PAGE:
Suicide Death of Dave & Buster’s Founder, James Corley, Underlines Serious Illness as a Risk Factor
January 6, 2023
The co-founder of the Dave & Buster’s entertainment chain, James “Buster” Corley, took his own life on Monday, January 2nd. His tragic death underlines serious illness as a risk factor for suicide. The daughter of the 72-year-old restauranteur confirmed in a statement that he “had a stroke four months ago that caused severe damage to the communication and personality part of his brain.” Though it is unclear if other risk factors were at play in Corley’s death, his stroke and its lingering health repercussions seem to have played a role in his mental health.
Serious illness is too often overlooked as a suicide risk factor.
If your loved one has recently experienced a heart attack, stroke, or cancer, or suffers from a chronic condition such as fibromyalgia, it is important to check in on their mental health periodically. Stress, uncertainty, losing a sense of independence or control, and grappling with your own mortality may impact mental wellness.
There are other reasons to check in with the men we care about, even those who are not managing a health condition. Men have much higher rates of suicide than women. The sense of masculinity plays a significant role in these suicide rates. Traditional and pervasive ideas about masculinity include not acknowledging emotions, not seeking help, and handling problems on one’s own. This means that men often don’t acknowledge mental health issues and don’t seek professional care. Men also tend to attempt suicide in ways that are more likely to be fatal. In particular, a suicide attempt with a gun is likely to result in death.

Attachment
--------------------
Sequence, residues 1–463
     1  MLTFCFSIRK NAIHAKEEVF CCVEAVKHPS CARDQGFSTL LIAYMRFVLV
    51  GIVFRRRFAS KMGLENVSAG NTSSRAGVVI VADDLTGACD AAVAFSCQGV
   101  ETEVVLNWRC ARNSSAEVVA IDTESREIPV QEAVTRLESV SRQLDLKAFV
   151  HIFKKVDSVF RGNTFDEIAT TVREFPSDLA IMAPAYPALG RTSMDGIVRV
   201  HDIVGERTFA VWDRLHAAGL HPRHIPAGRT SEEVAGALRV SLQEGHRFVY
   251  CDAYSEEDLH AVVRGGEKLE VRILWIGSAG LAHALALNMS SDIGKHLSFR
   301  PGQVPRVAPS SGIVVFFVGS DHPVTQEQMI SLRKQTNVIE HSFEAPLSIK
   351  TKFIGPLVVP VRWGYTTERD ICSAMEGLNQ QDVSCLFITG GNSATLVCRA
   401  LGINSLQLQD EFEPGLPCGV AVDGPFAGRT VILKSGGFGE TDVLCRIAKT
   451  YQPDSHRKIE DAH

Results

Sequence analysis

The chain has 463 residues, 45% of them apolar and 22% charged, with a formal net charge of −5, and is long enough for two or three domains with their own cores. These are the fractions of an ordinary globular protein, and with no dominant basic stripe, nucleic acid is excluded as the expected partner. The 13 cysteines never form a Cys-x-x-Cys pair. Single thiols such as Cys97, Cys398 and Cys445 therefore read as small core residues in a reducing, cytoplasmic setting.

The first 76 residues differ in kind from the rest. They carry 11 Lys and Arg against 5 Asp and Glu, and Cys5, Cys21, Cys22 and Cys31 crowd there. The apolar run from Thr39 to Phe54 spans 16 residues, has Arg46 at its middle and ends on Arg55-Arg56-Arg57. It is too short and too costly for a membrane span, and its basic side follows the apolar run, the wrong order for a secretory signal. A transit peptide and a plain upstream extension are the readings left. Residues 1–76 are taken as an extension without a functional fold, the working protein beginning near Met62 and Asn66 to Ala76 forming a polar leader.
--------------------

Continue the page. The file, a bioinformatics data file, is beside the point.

We can’t overlook that Mr. Corley had access to a firearm, as did dancer, DJ, and former co-executive producer of the “Ellen” show, Stephen “tWitch” Boss, who died by suicide in mid-December 2022. Whether a family member is coping with a major health issue, experiencing other suicide risk factors, or struggling with their mental health, it is vital to work with them to reduce their access to lethal means. If lethal means are removed and made inaccessible, the family can work together on a plan to utilize mental health resources such as therapy or crisis support. Means reduction saves lives.
If someone you know is struggling with thoughts of suicide and has the means to act on those thoughts, call or text to 988 or contact your local mobile crisis support provider.
- Learn more about preventing suicides
- Read Morgan’s story, “My Parents Ended Their Lives: Learning from Our Story During National Suicide Prevention Month”
- Watch Ken’s Caregiver Story of supporting his daughter after a suicide attempt